The Division of Korea started at the end of WWII in 1945. The USSR controlled the North of Korea, and the U.S. held South Korea.
North and South Korea have been divided for more than seventy years. All this time, countries have been developing in opposite directions. Now the result of this development is visible even from space.
Light pollution can tell a lot about the economic development of North and South Korea.
Images below show a stark nighttime view of North Korea and its more flourishing southern next-door-neighbor.
Heat map of the Korean Peninsula (1992 vs 2008)
Satellite images show the stagnation of the North Korean economy and the rapid economic development of South Korea over the past 15 years.
South was behind North economically up until the 1970s. South had twice the population and most of the agriculture, but little of industry, infrastructure, energy, and resources.
In the 60s, the country was rebuilt with essential industry and urbanization taking place. In the 1970s, the South was already on par with the North. South Korea is truly an island. That’s why the country invested a lot of money into heavy industry and dockyards, becoming one of the most developed nations on the planet. Today, South Korea has a GDP per capita of $46 451.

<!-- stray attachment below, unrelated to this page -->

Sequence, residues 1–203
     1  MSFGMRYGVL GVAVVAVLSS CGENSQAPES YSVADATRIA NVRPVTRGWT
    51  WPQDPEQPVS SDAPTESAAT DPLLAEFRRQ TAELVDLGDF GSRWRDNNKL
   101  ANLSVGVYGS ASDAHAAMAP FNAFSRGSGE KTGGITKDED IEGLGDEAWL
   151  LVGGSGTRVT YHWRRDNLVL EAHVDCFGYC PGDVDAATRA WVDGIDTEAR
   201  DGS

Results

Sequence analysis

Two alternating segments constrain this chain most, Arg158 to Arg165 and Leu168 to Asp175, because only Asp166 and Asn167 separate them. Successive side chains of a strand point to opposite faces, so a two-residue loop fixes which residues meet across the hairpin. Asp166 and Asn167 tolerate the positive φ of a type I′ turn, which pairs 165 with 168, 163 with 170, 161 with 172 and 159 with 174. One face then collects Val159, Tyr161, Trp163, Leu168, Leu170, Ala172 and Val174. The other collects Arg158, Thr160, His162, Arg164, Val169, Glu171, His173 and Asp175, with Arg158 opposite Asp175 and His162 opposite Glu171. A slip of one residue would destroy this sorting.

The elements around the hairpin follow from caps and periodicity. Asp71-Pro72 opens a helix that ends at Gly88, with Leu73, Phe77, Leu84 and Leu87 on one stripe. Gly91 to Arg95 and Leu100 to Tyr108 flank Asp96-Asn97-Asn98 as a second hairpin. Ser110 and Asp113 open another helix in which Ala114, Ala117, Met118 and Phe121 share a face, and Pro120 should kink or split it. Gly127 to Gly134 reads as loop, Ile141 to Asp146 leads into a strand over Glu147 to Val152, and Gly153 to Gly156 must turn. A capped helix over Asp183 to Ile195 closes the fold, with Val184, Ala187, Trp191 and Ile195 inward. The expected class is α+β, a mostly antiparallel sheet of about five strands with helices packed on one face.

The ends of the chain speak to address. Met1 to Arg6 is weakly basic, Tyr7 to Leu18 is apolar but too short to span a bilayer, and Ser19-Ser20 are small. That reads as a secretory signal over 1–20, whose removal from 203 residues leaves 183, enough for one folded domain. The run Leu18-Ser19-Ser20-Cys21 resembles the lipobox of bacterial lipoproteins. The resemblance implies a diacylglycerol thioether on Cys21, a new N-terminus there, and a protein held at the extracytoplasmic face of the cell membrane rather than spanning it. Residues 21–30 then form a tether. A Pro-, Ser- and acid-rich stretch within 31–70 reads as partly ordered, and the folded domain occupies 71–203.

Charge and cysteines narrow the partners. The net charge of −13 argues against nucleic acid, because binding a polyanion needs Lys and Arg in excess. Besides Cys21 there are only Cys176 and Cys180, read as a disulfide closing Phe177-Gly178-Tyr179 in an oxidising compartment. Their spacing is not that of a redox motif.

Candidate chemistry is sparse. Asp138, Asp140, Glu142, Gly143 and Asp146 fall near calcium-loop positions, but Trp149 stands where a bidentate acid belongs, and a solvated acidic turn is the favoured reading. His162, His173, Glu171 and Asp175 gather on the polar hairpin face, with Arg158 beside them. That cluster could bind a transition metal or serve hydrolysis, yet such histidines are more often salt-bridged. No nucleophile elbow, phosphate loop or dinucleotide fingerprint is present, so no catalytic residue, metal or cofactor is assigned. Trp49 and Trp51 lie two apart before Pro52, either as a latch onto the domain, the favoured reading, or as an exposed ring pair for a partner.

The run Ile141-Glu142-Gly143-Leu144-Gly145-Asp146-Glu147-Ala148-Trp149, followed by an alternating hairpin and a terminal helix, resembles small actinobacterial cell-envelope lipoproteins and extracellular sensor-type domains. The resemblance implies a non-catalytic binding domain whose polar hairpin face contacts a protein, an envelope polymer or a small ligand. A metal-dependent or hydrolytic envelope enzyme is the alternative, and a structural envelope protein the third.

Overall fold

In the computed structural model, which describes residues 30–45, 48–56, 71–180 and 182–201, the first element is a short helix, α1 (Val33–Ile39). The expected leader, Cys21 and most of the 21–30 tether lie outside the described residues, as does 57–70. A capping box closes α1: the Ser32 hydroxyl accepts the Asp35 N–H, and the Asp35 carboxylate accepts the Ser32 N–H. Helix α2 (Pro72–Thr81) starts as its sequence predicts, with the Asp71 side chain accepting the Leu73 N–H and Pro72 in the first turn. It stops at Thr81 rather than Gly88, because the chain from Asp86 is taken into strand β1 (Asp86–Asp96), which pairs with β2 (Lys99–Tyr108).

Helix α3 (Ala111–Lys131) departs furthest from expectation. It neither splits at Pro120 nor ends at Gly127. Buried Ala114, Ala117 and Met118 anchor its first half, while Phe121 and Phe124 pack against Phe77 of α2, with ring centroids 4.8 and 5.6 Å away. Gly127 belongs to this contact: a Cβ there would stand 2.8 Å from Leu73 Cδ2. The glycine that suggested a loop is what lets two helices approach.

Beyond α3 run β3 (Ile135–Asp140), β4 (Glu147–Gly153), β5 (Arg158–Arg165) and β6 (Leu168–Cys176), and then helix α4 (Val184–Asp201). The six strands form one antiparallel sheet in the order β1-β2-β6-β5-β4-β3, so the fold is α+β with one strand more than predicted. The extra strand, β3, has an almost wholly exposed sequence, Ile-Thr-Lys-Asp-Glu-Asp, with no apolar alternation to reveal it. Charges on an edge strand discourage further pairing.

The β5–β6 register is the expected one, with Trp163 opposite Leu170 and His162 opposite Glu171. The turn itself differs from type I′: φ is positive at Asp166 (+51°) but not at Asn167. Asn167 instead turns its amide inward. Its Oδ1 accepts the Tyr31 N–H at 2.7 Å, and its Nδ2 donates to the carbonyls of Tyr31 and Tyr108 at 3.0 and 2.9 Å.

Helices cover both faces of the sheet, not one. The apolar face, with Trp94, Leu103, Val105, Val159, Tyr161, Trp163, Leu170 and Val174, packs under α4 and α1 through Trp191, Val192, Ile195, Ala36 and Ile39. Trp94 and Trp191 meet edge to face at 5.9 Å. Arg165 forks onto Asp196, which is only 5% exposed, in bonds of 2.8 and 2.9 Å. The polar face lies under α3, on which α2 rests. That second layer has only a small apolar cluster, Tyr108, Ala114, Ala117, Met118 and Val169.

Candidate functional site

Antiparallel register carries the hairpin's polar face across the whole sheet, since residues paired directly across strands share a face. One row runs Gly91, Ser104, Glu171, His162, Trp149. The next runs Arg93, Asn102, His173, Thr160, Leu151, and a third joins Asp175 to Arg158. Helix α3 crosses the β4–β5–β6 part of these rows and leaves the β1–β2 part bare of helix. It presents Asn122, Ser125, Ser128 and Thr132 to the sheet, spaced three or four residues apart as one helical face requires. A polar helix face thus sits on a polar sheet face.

North Korea closed country, but the accessibility of high-quality remote-sensed night-time luminosity data opens new roads for the calculation of income levels.
The luminosity-based evaluation for GDP per capita in North Korea for 2018 is nearly $790.
The economy of South Korea is the fourth largest GDP in the Asian continent and the twelfth biggest in the world.
In 2015 more than 3 million North Koreans had phones. Nineteen percent of homes owned a computer, but that only 1 percent nationally and 5 percent in Pyongyang had access to the intranet “Kwangmyong.”
Activity from the Strava application
Strava is an application that tracks fitness using the sensors in a mobile phone and relies on a GPS location and Internet connection. Many North Koreans have smartphones, but they don’t have access to the Internet and Google Play.
The majority of tracks appear to be from foreigners.
According to the Henley Passport Index 2020, the South Korea passport has almost topped the list as the globe’s most potent, allowing citizens access to 189 countries without a visa in advance, tying it with Germany.
North Koreans can visit only some third world countries without a visa.
North and South Korea in numbers
North Korea: 25.55 millions
South Korea: 51.71 millions
Life expectancy at birth, total population
North Korea: 69.2 years old
South Korea: 79.3 years old
Infant mortality rate per 1 000 live births
North Korea: 26.21
South Korea: 4.08
GDP per capita
North Korea: $790
South Korea: $46 451
Press freedom index ranking
North Korea: 178th
South Korea: 50th
Internet users per 100 people
North Korea: <0.1
South Korea: 81.5
North Korea: 1.19 million
South Korea: 0.65 million
Military expenditure as a percentage of GDP
North Korea: 22.3%
South Korea: 2.8%
North Korea: $8.213 billion
South Korea: $25.1 billion